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Comment Re:Um... (Score 1) 106 106

We are primarily a government contractor, and our main contract had a Siebel-based client management system (only a government would have the combination of money and stupidity to invest in an ancient technology like that, but oh well), and up until late last year, we had to run IE in the lowest security mode and IE7 compatibility mode just to make the ActiveX components function. The new version is by and large HTML5 compatible, and though they recommend Firefox, we've had only a few bumps running Chrome. I doubt more than a handful of our staff even use IE now.

Comment Re:Um... (Score 1) 106 106

Yes, well, we often hurt the ones we love.

About the only place I still see IE is on some web-based applications from the late 90s thru the mid-00s that were built using IE 5 and 6's very insecure ActiveX architecture. Up until last year, we were forced to use such software on one of our government contracts, and it literally meant viewing the site in Compatibility Mode with security settings cranked down to nothing. They finally updated the underlying Siebel engine to the HTML5 version, and after that everyone just seemed to go to Chrome. I suppose at that point where we start rolling out Win10 desktops, Edge might end up being used, but I have a feeling that MS has missed the bus here, and Chrome is king.

Comment Re:Or... just hear me out here... (Score 3, Interesting) 913 913

I'd say if it's over my property at a low altitude, yes, I should have the right to shoot the thing out of the sky, and further, if I can determine who was flying it, I should have the right to sue them.

Drone operators are getting an incredible sense of entitlement out of playing with their toys. I think it's time for some serious and substantial financial penalties.

Keep your fucking toy way from my fucking property.

Comment Re:How much is an AG these days? (Score 1) 248 248

I would disagree with this. As has been proven by high rollers on both the right and left. You're immoral billionaire's money is just as good to these 'hoes as corporate money.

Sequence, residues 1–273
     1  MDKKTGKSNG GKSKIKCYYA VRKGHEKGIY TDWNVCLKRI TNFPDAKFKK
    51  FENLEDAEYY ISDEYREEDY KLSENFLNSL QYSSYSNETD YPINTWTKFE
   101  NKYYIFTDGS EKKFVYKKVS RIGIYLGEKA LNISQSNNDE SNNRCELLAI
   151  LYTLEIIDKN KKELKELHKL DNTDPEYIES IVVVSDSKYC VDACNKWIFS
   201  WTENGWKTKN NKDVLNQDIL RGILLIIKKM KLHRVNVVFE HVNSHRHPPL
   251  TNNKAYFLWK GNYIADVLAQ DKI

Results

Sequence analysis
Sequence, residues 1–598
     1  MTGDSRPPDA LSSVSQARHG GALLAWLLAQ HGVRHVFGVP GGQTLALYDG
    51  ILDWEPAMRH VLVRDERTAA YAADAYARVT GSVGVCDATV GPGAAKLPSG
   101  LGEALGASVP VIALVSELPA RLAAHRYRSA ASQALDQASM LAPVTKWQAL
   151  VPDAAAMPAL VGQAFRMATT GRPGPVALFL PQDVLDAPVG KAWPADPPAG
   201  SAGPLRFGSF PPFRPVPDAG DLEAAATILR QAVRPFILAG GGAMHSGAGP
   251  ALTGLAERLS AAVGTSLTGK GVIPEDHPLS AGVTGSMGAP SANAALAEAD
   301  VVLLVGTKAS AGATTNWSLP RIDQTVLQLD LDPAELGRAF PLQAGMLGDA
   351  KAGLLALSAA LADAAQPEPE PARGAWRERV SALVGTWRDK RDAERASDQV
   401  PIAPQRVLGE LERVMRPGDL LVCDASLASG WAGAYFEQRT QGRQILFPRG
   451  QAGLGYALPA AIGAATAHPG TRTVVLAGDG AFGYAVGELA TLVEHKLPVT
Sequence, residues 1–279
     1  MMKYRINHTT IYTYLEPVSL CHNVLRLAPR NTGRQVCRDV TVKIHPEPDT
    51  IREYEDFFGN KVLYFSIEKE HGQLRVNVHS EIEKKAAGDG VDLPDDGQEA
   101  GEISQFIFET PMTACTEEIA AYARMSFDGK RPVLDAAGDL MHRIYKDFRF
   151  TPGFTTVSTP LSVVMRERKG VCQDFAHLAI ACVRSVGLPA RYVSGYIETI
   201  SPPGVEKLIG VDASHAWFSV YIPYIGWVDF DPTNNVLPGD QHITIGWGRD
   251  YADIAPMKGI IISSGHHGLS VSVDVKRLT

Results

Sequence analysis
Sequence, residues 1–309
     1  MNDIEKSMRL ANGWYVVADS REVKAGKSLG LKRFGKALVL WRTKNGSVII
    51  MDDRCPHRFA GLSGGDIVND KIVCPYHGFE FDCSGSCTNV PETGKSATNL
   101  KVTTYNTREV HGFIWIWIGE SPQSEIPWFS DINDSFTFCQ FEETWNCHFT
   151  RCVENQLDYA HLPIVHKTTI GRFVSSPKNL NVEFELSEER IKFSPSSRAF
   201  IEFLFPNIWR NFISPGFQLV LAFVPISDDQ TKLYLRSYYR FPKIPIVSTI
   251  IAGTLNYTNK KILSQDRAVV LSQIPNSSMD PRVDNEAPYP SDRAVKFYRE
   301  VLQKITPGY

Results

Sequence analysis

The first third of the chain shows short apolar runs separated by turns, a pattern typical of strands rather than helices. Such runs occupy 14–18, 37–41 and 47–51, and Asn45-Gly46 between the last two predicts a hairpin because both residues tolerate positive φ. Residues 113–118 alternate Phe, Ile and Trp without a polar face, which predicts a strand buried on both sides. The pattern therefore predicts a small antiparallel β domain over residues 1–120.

Because a billionaire is just as much a product of the system than a company is. Nobody makes a billion dollars through their own work, they make it by extracting value from other people's work. Which means their wealth is a product of and dependent on the system, thus they can be trusted to be utterly loyal to the system - slaves with golden chains, but slaves nonetheless.

Kings might have had it better than peasants, but neither could opt out of feudalism. It wasn't until capitalism - a new system - began making inroads that new opportunities opened up. And now capitalism is worn at the seams, at least in the developed world, and a seemingly neverending cascade of problems defy attempts to solve them through means acceptable to the system, which has caused a predictable retreat into fundamentalism - in this case free-market fundamentalism - for many who are heavily invested in the system. Whether this is the final crisis of capitalism, or whether it can ride out the storm once again by lifting the rest of the world to the developed status remains to be seen - but either way, it won't last forever any more than any previous system has.

Comment Re:NVidea's problem, not Microsoft's (Score 1) 316 316